"You've got a solid that's got a gas inside of it and the surface is somewhat liquefying," he said.

"It's a real solid but it's very spongy," Wight added.

At a later stage, the crystal's original shape is almost unrecognizable, hidden within a froth of material. At that point, Wight said, "it's about the same size of the original crystal, but it's actually about 80 percent gone."

When it progresses a little further, the crystal foam becomes insubstantial and vanishes in a puff of gas. The explosion is releasing the gas that can send a solid-fuel rocket into orbit or demolish a building.

C-SAFE is part of a $40 billion program announced last year by DOE to use advanced computations to simulate such complex reactions as nuclear blasts, the ignition of jet fuel in an airliner crash, the shelling of an explosives storage depot by terrorists, and the burning of a building that contains high-energy fuels.

Computers will generate a view of the environment to be tested. The computer will break pieces of information into billions of "bricks" of matter like air, fuel, aircraft seat fabric, metal superstructure. The data base will predict how all of this will behave in the presence of heat, pressure and flying objects.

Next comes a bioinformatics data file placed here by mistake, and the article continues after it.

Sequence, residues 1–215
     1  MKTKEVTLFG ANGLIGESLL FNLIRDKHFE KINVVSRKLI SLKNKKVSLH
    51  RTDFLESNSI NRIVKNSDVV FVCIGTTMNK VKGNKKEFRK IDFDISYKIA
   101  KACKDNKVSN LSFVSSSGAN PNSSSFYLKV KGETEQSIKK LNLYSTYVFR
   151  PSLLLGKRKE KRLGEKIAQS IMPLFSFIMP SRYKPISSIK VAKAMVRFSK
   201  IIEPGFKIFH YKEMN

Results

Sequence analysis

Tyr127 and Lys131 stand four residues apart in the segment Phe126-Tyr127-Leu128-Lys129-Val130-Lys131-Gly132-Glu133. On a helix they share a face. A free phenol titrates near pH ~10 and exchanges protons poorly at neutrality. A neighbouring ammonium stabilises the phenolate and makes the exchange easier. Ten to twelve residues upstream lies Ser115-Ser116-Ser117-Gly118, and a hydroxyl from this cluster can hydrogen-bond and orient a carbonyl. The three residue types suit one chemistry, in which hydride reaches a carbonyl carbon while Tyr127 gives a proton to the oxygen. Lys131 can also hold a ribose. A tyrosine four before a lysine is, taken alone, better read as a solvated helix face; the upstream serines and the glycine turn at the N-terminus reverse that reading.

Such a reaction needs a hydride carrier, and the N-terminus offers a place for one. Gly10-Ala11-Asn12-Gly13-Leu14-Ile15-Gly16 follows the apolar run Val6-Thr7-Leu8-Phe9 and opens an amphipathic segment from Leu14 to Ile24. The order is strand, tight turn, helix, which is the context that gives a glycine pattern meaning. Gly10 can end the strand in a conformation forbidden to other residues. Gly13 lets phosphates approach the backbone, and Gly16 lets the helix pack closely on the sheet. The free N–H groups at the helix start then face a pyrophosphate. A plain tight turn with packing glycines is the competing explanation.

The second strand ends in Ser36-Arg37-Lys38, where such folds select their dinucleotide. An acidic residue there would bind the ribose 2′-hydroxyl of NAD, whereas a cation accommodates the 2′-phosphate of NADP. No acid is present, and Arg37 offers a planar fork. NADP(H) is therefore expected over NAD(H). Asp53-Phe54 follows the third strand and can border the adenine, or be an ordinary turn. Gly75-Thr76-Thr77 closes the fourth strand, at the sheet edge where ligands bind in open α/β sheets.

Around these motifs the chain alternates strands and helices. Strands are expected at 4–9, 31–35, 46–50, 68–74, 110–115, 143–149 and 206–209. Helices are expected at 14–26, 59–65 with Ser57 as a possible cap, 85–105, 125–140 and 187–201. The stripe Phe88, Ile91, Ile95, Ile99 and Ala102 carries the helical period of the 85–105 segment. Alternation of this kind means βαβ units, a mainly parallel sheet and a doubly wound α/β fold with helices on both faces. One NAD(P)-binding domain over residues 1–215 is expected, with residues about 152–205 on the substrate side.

An analysis code will show how the billions of elements interact during an explosion, and the computer will translate it all into graphics that a person can watch.

Scientists will be predicting "the flames and the spread of the fire, the toxic gases, the whole bit," Wight said.

Of the five centers that DOE is funding around the country, only one - the University of Utah's - has a corporate partner. The partner is rocket-maker Thiokol, the Utah company whose solid fuel boosters have been lifting the space shuttle into orbit for decades.

"They realized the capability to validate their computer code was going to be vital to their operation," said Jerry Hinshaw, manager of the Energetic Materials Research Department at Thiokol's main plant west of Brigham City. "If they have a computer code that doesn't predict the real world it wouldn't be good for much."

Scientists will test reactions at Thiokol's test facility in a remote canyon on its property, part of the research and development lab. The company already carries out rocket motor tests there and sets off experimental explosions and fires.

"Of course, we instrument all these things," Hinshaw said. Many recording devices operate during each experiment, including high-speed cameras and information collectors that can gather 60 or 70 channels of data. "We can collect data at a millionth of a second," he said.

Both Thiokol and C-SAFE think the partnership will help both. The U. gets validation of computerized models while Thiokol gets computer code simulations that can "save a lot of money, save a lot of time and might even add some accuracy," Hinshaw said.

Besides, he said, "it's a lot of fun" for scientists from industry and academia to interact.